Torok was first introduced to sales through Manning when they connected at a NYC PC networking night in December 2019. However, Torok became serious about sales after listening to a panel at CPC where she witnessed a younger alumnus briefly pitch a book. “That was the coolest thing to me,” Torok said, eyes dancing. “You can just pitch people a book in seconds and soon after they’re saying, ‘Oh my God, I have to read this now.’”
Eventually, Torok found her “sweet spot” in sales. “I was passionate about sales, which not everyone was interested in at Columbia.” Through her job, she interacts with both her client publishers and the book buyers at wholesale clubs. Torok also “want[ed] to be talking and collaborating with people across a wide team,” which she definitely gets to do in her sales position.
“On The Cowl we told both the smallest stories and the biggest world news stories, and that’s exactly what we do in publishing.”
Torok’s dedication to books and her job is obvious, which led to my question, “What makes you excited to get up and start working?” The answer comes easily: “I love our books.” Since Torok’s team manages a diverse range of books from Stephen King to keto cookbooks to the No. 1 NYT Bestseller, White Fragility by Robin DiAngelo, they “work with every type of book.” She adds, “The fact that I get to touch so many different books is refreshing.” On top of that, Torok enjoys the challenges, such as “trying to figure out how to get certain books into Costco without having too many returns,” Costco being a place that shoppers do not usually go to buy books. She also emphasizes that “we are a division of PRH that won’t stop growing,” which is exciting in its own right.
Furthermore, Torok’s team and their support makes it easy to start working every day. She points “100 percent” to her experience with The Cowl for “understanding and developing a support system.” The Cowl and her current team both “create an environment where communication flows” and mutual learning occurs, giving a foundation of transparency. In both teams, everyone “can be honest and upfront, and have fun.”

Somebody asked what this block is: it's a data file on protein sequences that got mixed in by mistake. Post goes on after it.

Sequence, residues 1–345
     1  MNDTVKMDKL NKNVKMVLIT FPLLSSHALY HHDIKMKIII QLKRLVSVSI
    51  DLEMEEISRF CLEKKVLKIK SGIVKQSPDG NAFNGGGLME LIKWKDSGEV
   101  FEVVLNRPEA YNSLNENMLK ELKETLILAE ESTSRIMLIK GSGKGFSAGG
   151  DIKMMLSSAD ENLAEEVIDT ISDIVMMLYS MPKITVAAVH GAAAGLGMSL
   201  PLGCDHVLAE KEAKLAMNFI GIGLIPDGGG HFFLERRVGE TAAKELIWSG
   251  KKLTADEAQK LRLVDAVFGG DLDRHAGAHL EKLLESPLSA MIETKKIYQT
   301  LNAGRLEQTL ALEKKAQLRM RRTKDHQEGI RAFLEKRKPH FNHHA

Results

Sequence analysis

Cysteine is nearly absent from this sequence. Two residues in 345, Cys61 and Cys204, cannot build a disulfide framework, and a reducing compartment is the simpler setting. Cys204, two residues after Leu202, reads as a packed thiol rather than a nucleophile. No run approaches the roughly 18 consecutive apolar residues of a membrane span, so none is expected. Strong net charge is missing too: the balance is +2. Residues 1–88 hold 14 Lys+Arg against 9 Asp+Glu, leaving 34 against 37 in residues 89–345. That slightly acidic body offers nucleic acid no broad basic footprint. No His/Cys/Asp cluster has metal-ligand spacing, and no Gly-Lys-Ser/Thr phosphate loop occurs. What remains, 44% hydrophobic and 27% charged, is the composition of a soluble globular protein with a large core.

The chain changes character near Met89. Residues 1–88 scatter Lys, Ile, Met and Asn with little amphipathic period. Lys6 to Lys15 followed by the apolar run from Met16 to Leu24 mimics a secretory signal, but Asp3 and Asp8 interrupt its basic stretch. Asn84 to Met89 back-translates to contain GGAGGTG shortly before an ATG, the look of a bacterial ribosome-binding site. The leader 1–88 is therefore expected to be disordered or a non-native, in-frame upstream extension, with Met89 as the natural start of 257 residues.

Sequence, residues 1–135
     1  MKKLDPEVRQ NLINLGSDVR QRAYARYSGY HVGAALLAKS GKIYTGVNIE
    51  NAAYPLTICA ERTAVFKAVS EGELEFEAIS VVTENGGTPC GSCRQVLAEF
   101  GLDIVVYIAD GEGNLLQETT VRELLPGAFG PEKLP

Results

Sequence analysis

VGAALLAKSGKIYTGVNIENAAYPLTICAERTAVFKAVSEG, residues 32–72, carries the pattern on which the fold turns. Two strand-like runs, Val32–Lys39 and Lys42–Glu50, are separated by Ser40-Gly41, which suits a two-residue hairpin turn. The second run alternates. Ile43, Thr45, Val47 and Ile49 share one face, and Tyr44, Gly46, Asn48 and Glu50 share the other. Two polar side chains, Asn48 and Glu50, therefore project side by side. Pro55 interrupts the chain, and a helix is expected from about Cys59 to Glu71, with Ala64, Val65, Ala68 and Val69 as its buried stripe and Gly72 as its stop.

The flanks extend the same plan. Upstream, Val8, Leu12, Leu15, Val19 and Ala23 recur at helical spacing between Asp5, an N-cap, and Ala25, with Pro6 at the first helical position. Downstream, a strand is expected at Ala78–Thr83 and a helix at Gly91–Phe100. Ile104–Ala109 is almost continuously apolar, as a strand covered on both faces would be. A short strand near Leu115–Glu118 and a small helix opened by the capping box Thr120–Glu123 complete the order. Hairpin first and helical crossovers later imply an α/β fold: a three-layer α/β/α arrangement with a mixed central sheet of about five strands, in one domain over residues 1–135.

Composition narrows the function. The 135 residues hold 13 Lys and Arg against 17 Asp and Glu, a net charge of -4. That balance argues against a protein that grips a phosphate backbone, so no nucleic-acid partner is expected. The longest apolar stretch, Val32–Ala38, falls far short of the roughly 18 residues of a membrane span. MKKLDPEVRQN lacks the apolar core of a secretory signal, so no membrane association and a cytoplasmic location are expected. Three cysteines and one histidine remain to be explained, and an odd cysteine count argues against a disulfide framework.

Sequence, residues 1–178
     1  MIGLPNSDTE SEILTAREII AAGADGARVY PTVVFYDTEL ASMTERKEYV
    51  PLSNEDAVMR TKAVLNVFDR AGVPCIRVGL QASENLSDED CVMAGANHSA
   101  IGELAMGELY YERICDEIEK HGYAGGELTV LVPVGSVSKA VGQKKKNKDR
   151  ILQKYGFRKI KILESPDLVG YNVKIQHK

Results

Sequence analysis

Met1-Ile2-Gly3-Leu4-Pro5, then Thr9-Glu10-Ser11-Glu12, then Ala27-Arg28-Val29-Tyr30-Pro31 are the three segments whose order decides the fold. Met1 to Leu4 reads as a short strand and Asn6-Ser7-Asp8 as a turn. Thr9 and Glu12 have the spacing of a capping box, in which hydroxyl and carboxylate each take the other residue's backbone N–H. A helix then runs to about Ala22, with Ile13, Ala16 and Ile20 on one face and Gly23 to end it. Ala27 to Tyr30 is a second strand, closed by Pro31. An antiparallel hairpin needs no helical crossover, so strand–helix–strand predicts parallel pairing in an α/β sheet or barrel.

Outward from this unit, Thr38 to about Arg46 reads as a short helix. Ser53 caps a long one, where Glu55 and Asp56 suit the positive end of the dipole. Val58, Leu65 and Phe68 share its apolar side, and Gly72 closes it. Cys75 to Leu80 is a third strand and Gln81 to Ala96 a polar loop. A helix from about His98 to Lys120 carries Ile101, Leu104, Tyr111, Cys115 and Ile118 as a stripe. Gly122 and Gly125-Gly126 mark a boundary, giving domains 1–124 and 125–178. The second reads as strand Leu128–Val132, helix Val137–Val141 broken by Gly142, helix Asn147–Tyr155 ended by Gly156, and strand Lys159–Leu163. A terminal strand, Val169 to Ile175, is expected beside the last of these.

Torok draws another connection between the two: “On The Cowl we told both the smallest stories and the biggest world news stories, and that’s exactly what we do in publishing.”
An interview with a publishing professional is not complete without a few book recommendations. Recent books Torok loved are Such a Fun Age by Kiley Reid and The Ex Talk by Rachel Lynn Solomon. Others she recommends from her client publishers are The Art of Hearing Heartbeats by Jan-Philipp Sendker, a mystery set in Burma; They Called Us Enemy by George Takei, a graphic novel memoir about Takei’s experience in the Japanese internment camps during World War II; and Juliet the Maniac by Juliet Escoria. Torok received the latter title when she officially began working for Penguin Random House. When new employees came into the office—before COVID-19—there was usually a stack of book recommendations waiting for them on their desks from others. However, because of the pandemic, this was not possible for Torok, but each of her team members hand-selected a book for her. A week before she started, this mystery box of books was delivered to Torok’s front door.
At the end of the interview, Torok emphasized there is no “one way” of breaking into the publishing industry; every professional you speak to will have a different route and story of how they got to be where they are. Torok’s advice for those interested in publishing, however, is relatively simple: “Get your hands on books, magazines, text, or storytelling in any way that you can.”
The Last Cowl of the Decade: Carrying an 84-Year Tradition into 2020
by Katherine Torok ’20